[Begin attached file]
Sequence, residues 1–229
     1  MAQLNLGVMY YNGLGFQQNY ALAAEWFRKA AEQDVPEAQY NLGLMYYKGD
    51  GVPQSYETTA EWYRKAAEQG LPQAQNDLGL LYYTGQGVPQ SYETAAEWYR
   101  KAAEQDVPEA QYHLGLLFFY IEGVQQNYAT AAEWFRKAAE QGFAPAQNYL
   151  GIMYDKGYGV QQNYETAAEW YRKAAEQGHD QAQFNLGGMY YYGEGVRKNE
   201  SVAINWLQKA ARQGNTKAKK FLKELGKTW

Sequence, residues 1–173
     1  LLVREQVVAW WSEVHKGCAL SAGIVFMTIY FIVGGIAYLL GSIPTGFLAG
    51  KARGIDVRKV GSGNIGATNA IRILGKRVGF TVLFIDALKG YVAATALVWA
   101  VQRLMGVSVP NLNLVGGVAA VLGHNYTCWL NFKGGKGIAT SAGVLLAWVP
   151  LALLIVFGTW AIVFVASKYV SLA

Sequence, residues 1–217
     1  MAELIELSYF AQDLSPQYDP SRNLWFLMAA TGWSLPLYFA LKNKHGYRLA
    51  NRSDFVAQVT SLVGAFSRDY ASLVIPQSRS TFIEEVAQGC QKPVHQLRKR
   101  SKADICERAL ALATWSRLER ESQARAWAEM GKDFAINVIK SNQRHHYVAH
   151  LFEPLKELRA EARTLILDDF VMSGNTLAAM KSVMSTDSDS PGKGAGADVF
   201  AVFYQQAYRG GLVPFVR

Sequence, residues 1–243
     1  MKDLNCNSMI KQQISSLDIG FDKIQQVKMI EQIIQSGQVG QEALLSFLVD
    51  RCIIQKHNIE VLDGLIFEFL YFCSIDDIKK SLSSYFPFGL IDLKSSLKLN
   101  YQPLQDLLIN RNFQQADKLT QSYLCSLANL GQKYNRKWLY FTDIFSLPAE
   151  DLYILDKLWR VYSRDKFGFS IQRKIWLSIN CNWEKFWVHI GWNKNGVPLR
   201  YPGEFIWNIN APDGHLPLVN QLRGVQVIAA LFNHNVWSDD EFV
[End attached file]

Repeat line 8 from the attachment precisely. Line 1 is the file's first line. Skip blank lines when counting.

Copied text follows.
     1  LLVREQVVAW WSEVHKGCAL SAGIVFMTIY FIVGGIAYLL GSIPTGFLAG